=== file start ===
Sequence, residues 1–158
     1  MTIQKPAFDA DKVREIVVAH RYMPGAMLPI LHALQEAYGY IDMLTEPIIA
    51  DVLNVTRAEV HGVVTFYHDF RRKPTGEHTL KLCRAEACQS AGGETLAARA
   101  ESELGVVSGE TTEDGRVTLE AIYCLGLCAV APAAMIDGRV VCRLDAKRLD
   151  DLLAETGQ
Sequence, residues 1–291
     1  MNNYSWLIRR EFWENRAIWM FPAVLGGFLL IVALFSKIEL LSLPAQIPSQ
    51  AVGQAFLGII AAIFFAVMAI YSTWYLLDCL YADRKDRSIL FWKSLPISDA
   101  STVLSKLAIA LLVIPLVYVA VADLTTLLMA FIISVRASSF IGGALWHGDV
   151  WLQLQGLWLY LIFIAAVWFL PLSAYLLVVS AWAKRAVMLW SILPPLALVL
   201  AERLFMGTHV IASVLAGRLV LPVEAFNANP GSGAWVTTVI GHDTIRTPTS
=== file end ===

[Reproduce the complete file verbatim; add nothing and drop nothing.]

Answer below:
Sequence, residues 1–158
     1  MTIQKPAFDA DKVREIVVAH RYMPGAMLPI LHALQEAYGY IDMLTEPIIA
    51  DVLNVTRAEV HGVVTFYHDF RRKPTGEHTL KLCRAEACQS AGGETLAARA
   101  ESELGVVSGE TTEDGRVTLE AIYCLGLCAV APAAMIDGRV VCRLDAKRLD
   151  DLLAETGQ
Sequence, residues 1–291
     1  MNNYSWLIRR EFWENRAIWM FPAVLGGFLL IVALFSKIEL LSLPAQIPSQ
    51  AVGQAFLGII AAIFFAVMAI YSTWYLLDCL YADRKDRSIL FWKSLPISDA
   101  STVLSKLAIA LLVIPLVYVA VADLTTLLMA FIISVRASSF IGGALWHGDV
   151  WLQLQGLWLY LIFIAAVWFL PLSAYLLVVS AWAKRAVMLW SILPPLALVL
   201  AERLFMGTHV IASVLAGRLV LPVEAFNANP GSGAWVTTVI GHDTIRTPTS